Denmark has national healthcare. As a consequence of this, they have health records on their entire population dating back decades. This makes Denmark an ideal setting for conducting epidemiologic research.
Psychiatric epidemiology deals with the distribution and determinants of psychiatric disorders and related events in populations. Jaimie L. Gradus, DSc, MPH, provides a brief overview of the field of psychiatric epidemiology, a discussion of the strengths of using Danish data, as well as relevance of the results to the US population.
BIO: Jaimie L. Gradus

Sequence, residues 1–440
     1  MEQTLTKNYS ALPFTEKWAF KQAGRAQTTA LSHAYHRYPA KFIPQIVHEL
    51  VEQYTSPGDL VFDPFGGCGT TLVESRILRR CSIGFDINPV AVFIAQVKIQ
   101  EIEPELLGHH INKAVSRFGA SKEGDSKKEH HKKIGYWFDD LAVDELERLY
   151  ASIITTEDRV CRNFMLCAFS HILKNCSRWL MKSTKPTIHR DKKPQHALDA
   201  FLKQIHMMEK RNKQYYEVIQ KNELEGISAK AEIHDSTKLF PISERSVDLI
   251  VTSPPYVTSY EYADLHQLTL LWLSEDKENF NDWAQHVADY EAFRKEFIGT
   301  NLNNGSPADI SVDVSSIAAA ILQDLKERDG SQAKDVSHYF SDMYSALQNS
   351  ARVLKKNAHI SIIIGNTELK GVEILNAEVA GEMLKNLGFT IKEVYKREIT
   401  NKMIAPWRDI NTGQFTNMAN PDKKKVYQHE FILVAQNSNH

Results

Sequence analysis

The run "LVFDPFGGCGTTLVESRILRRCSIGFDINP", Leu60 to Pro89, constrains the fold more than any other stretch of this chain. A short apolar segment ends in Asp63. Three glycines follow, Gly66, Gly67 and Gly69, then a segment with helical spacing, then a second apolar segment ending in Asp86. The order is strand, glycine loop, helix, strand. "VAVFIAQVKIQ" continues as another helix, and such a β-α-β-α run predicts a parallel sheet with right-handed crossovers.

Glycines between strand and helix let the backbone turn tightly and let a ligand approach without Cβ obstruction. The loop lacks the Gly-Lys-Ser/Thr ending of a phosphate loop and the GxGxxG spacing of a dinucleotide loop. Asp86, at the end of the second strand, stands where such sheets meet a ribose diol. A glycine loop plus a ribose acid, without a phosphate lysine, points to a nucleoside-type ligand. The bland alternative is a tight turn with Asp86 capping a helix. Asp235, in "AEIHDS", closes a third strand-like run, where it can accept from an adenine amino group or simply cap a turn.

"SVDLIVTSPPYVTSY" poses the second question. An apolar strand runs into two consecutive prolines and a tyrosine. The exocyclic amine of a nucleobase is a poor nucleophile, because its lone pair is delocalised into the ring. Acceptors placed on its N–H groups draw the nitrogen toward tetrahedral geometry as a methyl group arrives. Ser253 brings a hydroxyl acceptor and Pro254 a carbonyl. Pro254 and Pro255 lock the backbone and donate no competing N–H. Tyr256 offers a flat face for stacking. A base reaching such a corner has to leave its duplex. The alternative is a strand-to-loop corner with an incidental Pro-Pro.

Jaimie L. Gradus is an Epidemiologist at the Women’s Health Sciences Division of the National Center for PTSD, and an Assistant Professor of Psychiatry and Epidemiology at Boston University School of Medicine and School of Public Health. She received her BA in psychology from Stony Brook University, and then her M.P.H. with a concentration in epidemiology and biostatistics and D.Sc. in epidemiology at Boston University. Dr. Gradus's research interests are in the epidemiology of trauma and trauma-related disorders, with a particular focus on suicide outcomes. She was the winner of the 2009 Lilienfeld Prize from the Society for Epidemiologic Research for her paper on the association between PTSD and death from suicide in the population of Denmark. Dr. Gradus has been the recipient of multiple National Institute of Mental Health and foundation grants to conduct epidemiologic research in both veterans and the general population.